African Swine Fever
Current status of ASF in Europe and Asia (2018-2019). OIE. 05-08-2019
Enric Marco comments on the practical implications of a recent article investigating the transmission of ASF through ingestion of flies.
There is no doubt if the disease is discovered in a major piglet or pork producing/exporting country such as Denmark, Germany, Spain or the USA, the mortality it causes would be only the beginning of the woes.
Prevention against ASF involves farmers, farm staff, veterinarians, lorry drivers, hunters and the Official Veterinary Services.
In this second part the actions described are the ones needed when the disease is already in the country.
Curiously, when I started to think about it, what I had considered as my number one mistake for most of my professional life became the fifth in importance.
The ASF situation in Poland (19 cases and 2 outbreaks in 4 municipalities) seems to be very different from the countries east from Poland: it can be concluded that among wild boar in 4 municipalities the course of the disease is endemic rather than epidemic.
Depending on the virulence of the strain and the route of exposure, the disease may have four different presentations and early detection can be a challenge due to the lack of specific clinical signs.
Fernando Rodríguez, the director of CReSA, explains at what stage is the development of the vaccine against ASF.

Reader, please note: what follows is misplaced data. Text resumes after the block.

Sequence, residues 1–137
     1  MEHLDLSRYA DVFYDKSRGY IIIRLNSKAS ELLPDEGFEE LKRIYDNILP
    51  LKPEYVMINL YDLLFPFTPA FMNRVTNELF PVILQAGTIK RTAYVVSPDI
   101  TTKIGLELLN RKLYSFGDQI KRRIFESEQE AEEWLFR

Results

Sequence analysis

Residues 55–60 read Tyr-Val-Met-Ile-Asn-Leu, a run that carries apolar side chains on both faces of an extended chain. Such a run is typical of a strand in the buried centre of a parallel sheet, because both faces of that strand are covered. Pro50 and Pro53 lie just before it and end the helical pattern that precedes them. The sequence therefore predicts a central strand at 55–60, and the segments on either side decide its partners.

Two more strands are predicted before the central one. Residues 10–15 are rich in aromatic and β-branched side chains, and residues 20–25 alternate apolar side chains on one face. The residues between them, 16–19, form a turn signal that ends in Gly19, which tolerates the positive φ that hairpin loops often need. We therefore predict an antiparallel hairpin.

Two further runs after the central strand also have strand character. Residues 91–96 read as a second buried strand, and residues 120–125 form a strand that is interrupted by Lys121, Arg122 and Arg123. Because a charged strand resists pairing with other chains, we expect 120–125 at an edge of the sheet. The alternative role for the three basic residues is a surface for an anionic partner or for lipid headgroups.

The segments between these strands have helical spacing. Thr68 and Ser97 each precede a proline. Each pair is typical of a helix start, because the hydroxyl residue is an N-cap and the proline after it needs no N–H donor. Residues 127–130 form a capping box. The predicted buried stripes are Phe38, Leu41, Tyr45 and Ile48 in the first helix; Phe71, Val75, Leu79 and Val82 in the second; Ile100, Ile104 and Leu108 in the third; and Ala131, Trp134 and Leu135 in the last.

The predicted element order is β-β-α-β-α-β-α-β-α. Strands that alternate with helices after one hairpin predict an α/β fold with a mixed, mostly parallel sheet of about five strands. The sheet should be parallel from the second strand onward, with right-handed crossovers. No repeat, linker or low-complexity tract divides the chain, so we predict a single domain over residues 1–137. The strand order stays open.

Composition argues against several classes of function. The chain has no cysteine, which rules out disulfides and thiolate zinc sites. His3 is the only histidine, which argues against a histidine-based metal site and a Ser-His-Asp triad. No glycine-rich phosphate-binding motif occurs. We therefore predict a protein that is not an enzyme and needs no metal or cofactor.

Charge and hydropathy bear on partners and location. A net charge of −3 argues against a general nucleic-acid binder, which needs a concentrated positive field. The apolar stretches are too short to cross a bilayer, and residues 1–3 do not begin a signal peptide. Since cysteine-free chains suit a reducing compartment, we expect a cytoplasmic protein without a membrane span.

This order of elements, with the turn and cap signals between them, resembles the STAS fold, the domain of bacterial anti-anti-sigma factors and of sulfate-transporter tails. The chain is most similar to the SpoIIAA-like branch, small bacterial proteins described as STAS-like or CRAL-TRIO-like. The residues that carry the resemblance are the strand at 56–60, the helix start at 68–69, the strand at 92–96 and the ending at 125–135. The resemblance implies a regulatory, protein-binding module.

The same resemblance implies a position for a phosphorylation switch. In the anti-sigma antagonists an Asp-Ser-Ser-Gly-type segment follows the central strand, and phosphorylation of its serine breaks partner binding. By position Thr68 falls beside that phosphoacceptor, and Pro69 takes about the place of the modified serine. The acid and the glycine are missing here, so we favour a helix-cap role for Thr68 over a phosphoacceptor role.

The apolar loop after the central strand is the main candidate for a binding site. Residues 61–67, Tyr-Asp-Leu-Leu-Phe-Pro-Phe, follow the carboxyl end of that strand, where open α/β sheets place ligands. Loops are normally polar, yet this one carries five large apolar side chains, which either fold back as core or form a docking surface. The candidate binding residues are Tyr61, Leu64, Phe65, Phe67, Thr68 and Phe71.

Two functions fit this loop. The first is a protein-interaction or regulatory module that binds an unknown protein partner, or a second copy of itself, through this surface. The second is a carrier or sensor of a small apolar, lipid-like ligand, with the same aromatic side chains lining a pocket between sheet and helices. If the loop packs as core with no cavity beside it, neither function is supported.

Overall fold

10 recomendations to face African Swine Fever (ASF).
This clinical case describes how, after discovering large numbers of dead and dying pigs in the sheds over a 4-day period, an expert team of veterinarians diagnosed African Swine Fever.
The clinical profile seen to date of ASF in Russia and neighboring countries is a typical acute disease. The animals die between 7 and 15 days post-infection and the symptoms observed include fever, huddling together due to cold, and injuries described above.
ASF spreads mainly through the movement of infected pork and other animal products, as well as live animals, which includes wild boar.
This article describes the main diseases that wild boars can transmit to the domestic pig, their prevalences and transmission routes. It also discusses the increase of the wild boar population in Europe.
The diseases shared by livestock and wildlife involve many players: mainly farmers, but also hunters and different public administrations.
ASF is now firmly established in some areas of the Caucasus and Eastern Europe, where it is causing considerable trade disruptions, plus having a devastating impact on small-scale pig farmers.